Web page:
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PARMELEE v. COMMONWEALTH PENNSYLVANIA (09/11/79)

COMMONWEALTH COURT OF PENNSYLVANIA


decided: September 11, 1979.

PARMELEE, MILLER, WELSH & KRATZ, P.C., PETITIONER
v.
COMMONWEALTH OF PENNSYLVANIA, UNEMPLOYMENT COMPENSATION BOARD OF REVIEW, RESPONDENT

Appeal from the Order of the Unemployment Compensation Board of Review in case of In Re: Claim of John A. Anthes, Jr., No. B-154038-B.

COUNSEL

Daniel J. Long, for petitioner.

Elsa D. Newman, Assistant Attorney General, with her Richard Wagner, Assistant Attorney General, Chief Counsel, and Edward G. Biester, Jr., Attorney General, for respondent.

Judges Mencer, Rogers and Craig, sitting as a panel of three. Opinion by Judge Craig.

Author: Craig

[ 45 Pa. Commw. Page 571]

Claimant is an attorney-at-law, admitted to the Pennsylvania bar. The question raised on this appeal by his former employer is whether he became self-employed for unemployment compensation purposes and therefore ineligible for benefits under Section 402(h) of The Unemployment Compensation Law.*fn1

The findings of the Unemployment Compensation Board of Review (Board) are succinct and supported by substantial evidence:

2. Claimant was advised by the employer early in August that his last day of work for the employer would be August 31, 1977.

[ 45 Pa. Commw. Page 5723]

. During the month of August claimant purchased advertising in the legal directory of the Pittsburgh Magazine for the months of September and October.

4. On September 1, 1977 the claimant did not have the funds to establish a private practice so he decided not to go into private practice.

5. After claimant was discharged from his employment he did not have any clients, he did not perform any legal services and he did not receive any remuneration.

6. Claimant did not open his own office and has referred prospective clients to another attorney.

In Edelman v. Unemployment Compensation Board of Review, 10 Pa. Commonwealth Ct. 275, 310 A.2d 707 (1973), we held that a member of the Pennsylvania bar, who first applied for benefits in March, became ineligible as of July 1, the date he began sharing office space with other attorneys in a center-city office. He also had his name listed as an attorney in the telephone directory and admitted performing some work with his officemates, although he never made any profits from the minimal amount of work he did. However, he was entitled to compensation for the period from March through June because there was no evidence to show that he practiced law at all during that earlier period.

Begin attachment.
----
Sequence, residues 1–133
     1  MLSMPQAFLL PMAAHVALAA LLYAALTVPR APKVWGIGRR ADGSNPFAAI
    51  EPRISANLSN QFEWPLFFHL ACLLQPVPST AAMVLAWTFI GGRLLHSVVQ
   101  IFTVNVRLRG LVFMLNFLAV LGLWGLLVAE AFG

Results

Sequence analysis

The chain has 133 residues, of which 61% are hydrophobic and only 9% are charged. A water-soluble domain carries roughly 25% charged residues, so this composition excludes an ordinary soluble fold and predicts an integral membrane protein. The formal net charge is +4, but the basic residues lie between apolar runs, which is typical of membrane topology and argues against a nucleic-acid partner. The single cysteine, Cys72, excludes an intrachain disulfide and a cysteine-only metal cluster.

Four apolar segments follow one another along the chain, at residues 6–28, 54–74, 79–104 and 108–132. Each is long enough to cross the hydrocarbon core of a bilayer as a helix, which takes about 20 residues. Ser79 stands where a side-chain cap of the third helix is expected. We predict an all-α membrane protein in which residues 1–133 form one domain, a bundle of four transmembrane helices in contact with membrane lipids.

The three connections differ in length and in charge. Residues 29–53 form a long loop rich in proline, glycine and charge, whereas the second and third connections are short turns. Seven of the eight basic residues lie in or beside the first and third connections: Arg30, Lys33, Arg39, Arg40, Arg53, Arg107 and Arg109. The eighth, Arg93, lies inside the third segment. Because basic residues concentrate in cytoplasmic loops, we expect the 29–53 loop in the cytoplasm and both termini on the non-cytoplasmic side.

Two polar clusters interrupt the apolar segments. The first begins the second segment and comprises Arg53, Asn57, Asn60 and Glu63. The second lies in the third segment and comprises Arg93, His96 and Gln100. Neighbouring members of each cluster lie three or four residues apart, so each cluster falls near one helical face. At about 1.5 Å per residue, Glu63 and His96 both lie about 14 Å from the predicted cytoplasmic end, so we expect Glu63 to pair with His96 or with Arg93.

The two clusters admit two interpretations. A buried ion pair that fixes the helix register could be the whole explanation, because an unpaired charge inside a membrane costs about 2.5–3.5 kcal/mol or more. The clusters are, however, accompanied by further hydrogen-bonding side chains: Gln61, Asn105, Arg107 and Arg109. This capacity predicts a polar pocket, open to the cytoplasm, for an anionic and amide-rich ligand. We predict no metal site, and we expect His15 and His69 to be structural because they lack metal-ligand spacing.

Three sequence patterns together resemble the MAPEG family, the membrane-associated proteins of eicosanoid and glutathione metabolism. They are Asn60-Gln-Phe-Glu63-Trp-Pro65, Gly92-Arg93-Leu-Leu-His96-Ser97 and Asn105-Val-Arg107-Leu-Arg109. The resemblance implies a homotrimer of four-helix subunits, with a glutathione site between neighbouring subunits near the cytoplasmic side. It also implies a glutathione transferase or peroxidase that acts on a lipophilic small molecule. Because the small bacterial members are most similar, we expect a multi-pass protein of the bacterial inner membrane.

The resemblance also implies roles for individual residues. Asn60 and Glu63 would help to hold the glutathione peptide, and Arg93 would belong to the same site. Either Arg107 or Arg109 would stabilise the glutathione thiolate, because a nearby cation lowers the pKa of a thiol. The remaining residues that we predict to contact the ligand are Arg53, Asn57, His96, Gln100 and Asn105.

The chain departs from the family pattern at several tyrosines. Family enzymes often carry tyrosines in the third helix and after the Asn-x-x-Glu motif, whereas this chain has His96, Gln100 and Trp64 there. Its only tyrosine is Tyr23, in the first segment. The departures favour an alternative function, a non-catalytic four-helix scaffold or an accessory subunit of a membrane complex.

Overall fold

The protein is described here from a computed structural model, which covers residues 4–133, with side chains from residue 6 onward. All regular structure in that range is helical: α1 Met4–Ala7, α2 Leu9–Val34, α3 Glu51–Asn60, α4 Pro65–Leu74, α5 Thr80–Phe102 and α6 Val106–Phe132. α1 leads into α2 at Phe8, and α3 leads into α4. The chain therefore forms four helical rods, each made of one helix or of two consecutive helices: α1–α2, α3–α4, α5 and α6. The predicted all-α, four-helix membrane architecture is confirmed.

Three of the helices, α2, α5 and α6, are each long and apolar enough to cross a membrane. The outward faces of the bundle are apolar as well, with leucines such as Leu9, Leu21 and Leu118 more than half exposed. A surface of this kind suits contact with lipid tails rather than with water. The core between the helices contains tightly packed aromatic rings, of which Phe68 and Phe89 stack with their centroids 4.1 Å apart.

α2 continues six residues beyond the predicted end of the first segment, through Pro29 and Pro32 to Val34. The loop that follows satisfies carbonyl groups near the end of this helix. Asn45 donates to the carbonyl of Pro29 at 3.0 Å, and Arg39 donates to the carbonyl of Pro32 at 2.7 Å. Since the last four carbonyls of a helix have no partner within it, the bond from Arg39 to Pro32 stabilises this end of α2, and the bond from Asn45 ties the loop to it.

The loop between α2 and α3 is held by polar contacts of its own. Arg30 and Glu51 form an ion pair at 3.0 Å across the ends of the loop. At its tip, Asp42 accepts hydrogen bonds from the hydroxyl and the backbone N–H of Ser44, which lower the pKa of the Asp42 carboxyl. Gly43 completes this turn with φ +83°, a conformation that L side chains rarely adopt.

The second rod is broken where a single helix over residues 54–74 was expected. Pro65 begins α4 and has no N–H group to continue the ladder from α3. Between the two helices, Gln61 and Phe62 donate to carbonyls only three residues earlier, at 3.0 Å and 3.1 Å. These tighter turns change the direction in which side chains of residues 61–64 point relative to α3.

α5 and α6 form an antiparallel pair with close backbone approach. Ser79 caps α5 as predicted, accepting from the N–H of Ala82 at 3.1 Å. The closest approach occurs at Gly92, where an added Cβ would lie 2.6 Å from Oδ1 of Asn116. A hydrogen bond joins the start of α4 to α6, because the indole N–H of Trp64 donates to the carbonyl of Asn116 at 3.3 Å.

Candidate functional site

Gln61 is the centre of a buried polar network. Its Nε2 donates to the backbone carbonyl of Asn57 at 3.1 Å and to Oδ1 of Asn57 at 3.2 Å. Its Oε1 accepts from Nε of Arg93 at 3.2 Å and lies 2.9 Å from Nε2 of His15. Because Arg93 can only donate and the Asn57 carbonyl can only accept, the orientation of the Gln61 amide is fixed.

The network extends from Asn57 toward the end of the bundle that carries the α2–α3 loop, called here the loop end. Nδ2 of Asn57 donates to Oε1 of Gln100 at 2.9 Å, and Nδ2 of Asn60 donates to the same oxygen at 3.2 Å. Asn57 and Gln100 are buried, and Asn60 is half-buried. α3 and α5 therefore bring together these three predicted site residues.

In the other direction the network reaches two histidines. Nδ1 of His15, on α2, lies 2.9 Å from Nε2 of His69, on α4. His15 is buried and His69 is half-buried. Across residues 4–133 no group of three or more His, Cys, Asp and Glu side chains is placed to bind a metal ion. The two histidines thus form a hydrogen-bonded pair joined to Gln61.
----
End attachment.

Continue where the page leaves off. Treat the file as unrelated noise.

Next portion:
A major implication of our decision in Edelman is that merely being a member of the Pennsylvania bar does not in itself make a claimant self-employed under Section 402(h) of the Act and ineligible for unemployment compensation benefits.

A claimant is generally considered to embark upon self-employment for purposes of Section 402(h) only where he actively participates in the operation of a private enterprise or performs a positive act to

[ 45 Pa. Commw. Page 573]

    establish an independent business enterprise. Unemployment Compensation Board of Review v. Finn, 25 Pa. Commonwealth Ct. 512, 360 A.2d 288 (1976). The same guidelines should apply in deciding whether a claimant is self-employed in the practice of law. See Edelman v. Unemployment Compensation Board of Review, supra.

In this case, after his last day of work for the appellant, claimant never received any remuneration, never had a client and never performed any legal services.*fn2 The Board also found that, as soon as he became unemployed, claimant decided not to become a practitioner because he realized that he did not have the necessary funds to establish a private practice. That finding is supported by claimant's testimony. Issues of credibility and the weight to be given evidence are within the province of the Board. Rodites v. Unemployment Compensation Board of Review, 34 Pa. Commonwealth Ct. 128, 382 A.2d 1287 (1978).

We cannot say that the placement of his magazine advertisement amounted to the launching of a law practice; it was only evidence of an intention to practice -- an intention he shortly changed -- and did not represent the establishment of a professional enterprise.

Accordingly, we affirm the Board's conclusion that claimant was eligible for benefits for the period in question.

Order

And Now, this 11th day of September, 1979, the order of the Unemployment Compensation Board of Review in Appeal No. B-77-7-A-1747 is hereby affirmed.

Disposition

Affirmed.


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